Friday, December 5, 2014
Get to Know Didi Gregorius
According to Andrew Marchand of ESPN New York:
The Yankees on Friday announced that they have acquired Gregorius from the Diamondbacks in a three-team trade that also involves the Tigers. Right-handed pitcher Shane Greene was traded from the Yankees to Detroit, while Arizona received left-handed pitcher Robbie Ray and minor league infielder Domingo Leyba from the Tigers.
Gregorius hit .226 with six homers and 27 RBIs in 80 games with the Diamondbacks in 2014. Greene was 5-4 with a 3.78 ERA as a rookie last season.
The Yankees would have Gregorius and Brendan Ryan as shortstops on their roster.
Gregorius, who is from the Netherlands, is known as a good defender, but there are questions if he will be able to hit consistently enough in the big leagues. In 191 games, he is a .243 career hitter.
Those are the basics. I've already seen people rave about this new shortstop. Given that starting pitching, if healthy, is actually a strength for the Yankees, I'm not going to miss Greene much.
But who is our new acquisition?
Mariekson Julius Gregorius was born on February 18, 1990 -- which will make him 25 years old next Opening Day -- in Amsterdam, the capital city of the Kingdom of the Netherlands. (Note: Contrary to popular misconception, "Holland" is not interchangeable with "the Netherlands." Holland is only part of the country, just as England is only part of Great Britain.)
The Kingdom of the Netherlands includes territories in the Caribbean, including "the Country of Curaçao," which has a population of about 150,000. This is where Gregorius' parents are from, and where he maintains his residence, probably due to its proximity to North America. Although it is a very mixed society in terms of ethnicities, the overwhelming majority of residents, including the Gregorius family, identifies as "black." I mention this only for descriptive purposes, not to make a judgment, positive or negative.
Notable natives of Curaçao include former Yankees Andruw Jones and Hensley "Bam Bam" Meulens, Randall Simon, and Jurickson Profar, who played on their team that won the 2004 Little League World Series. They also include Gregory van der Wiel, a star player at soccer team Paris Saint-Germain. Curaçaoans play for the Netherlands in international competitions, including the Olympic Games, the World Cup soccer tournament, and the World Baseball Classic -- and, in the latter, the Dutch team relies heavily on their Caribbean players due to their ability to play in all seasons due to the climate.
Gregorius -- I can't find any reference to where the nickname "Didi" came from, but it clearly didn't come from "Mariekson," "Julius" or "Gregorius" -- is listed as being 6-foot-2 and 205 pounds, so he's in the modern "big shortstop" mode of Derek Jeter, Alex Rodriguez, Nomar Garciaparra, and the pioneers of this role, Cal Ripken and Robin Yount.
He was signed by the Cincinnati Reds in 2007, and made his major league debut with him on September 5, 2012, at Great American Ballpark in Cincinnati. Batting 8th, playing shortstop, and wearing Number 25, he went 0-for-4, as Roy Halladay pitched very well for the Philadelphia Phillies, who beat the Reds, 6-2.
The Reds traded him to the Arizona Diamondbacks after the 2012 season, and he spent 2013 and 2014 with the Phoenix club, as their main shortstop. He wore Number 1 there, but that number is retired by the Yankees for Billy Martin; and 25 is worn by Mark Teixeira. So he'll need a new number as a Yankee.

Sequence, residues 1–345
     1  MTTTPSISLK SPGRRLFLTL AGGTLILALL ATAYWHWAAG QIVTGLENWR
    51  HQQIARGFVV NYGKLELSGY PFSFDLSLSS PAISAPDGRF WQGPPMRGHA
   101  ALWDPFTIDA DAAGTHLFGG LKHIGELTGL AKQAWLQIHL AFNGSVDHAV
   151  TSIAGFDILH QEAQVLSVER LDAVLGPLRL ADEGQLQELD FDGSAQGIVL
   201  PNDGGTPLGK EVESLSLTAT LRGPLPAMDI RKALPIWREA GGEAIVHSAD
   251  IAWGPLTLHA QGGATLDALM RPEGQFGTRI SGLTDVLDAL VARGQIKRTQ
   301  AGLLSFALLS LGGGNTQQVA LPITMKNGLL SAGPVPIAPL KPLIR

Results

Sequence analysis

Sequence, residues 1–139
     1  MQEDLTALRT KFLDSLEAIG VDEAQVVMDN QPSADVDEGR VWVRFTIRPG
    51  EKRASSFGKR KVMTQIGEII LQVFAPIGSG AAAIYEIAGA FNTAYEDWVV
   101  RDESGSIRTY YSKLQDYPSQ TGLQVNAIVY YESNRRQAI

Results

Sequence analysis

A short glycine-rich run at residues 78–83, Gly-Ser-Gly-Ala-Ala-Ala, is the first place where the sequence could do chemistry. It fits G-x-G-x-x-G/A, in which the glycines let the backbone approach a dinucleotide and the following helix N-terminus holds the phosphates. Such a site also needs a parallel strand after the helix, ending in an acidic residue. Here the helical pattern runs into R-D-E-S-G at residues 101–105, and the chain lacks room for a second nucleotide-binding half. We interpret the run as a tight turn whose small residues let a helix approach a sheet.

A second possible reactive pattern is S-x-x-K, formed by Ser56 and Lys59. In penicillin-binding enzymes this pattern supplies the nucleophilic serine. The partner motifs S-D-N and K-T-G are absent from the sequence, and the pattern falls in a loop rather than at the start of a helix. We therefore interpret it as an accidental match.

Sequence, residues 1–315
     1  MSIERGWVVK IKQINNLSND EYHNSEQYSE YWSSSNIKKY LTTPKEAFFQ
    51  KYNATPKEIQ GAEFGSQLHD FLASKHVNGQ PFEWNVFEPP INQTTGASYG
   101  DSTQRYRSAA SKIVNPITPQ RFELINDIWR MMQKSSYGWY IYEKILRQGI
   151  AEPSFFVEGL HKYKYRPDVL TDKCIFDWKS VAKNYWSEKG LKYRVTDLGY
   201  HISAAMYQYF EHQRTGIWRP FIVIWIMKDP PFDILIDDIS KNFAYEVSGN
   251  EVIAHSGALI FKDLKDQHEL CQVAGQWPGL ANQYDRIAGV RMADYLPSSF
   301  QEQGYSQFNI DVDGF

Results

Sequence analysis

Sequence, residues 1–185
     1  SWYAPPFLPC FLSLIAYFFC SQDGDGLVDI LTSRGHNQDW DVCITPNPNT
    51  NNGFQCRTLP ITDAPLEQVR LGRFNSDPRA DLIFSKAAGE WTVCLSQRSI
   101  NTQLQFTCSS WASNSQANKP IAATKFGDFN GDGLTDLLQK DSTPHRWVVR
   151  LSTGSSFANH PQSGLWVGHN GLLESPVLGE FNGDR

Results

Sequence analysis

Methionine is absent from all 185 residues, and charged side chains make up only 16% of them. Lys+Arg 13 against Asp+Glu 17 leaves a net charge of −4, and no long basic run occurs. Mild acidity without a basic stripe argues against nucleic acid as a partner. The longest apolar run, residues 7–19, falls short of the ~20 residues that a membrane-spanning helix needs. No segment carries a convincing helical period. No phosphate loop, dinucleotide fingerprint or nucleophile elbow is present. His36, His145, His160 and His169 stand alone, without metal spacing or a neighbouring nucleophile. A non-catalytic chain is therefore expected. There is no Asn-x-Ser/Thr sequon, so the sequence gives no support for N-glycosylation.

He hit decently in 2013, but missed the 1st 2 months of the 2014 season due to injury, and never really got untracked with the bat. He's a lefthanded hitter, so Yankee Stadium should help him, but he hasn't shown much power. Granted, Chase Field is a pitcher's park, so it's not clear how much power he really has. So his hitting is a question mark.
He's a solid fielder, though, and versatile: In what amounts to 2 full seasons in the majors, he's played 173 games at shortstop, 11 at 2nd base and 2 at 3rd base.
I can't find much about his personal interests, although he appears to be something of an artist, and showed some respect for Jeter in a sketch he made public.
I can find no information as to whether he's married or has children. However, I also can't find any information about him being a disciplinary problem. Apparently, the reason the D-backs made the trade has nothing to do with him, and everything to do with needing pitching, as Greene had a good (though hardly great) rookie season for the Yankees and, at age 26, won't be a kid in their rotation.
So this sounds like a trade the Yankees could afford to make. Perhaps the line to use on Gregorius is the one Joe Torre used when Scott Brosius became the new 3rd baseman in 1998: Just field your position well, and I won't care if you hit .200. Which is about what Brosius hit the season before in Oakland. But he hit .300 for the Yanks, had nearly 20 homers and 100 RBIs, fielded like a genius, and was the MVP of the World Series.
Now, no one's expecting Didi to do anything like that in his first season in Pinstripes. But if he fields well, and hits, say, .250, and drives in 40 to 60 runs from the 8th or 9th spot in the order, I would take that, and I think Joe Girardi would take that, too.
Two things are certain: The New York-area tabloids are going to love his nice, short nickname, and we're going to see "DIDI" in headlines, especially on the back page; and Yankee broadcaster John Sterling is going to come up with someone catchy. It might be based on his nickname: "Didi-licious!" Or it might be based on his last name: "Gorgeous Gregorius!"
At the very least, he looks like an interesting player, and a better one than the man who looked until today like he'd be the Yankees' starting shortstop in 2015, Brendan Ryan.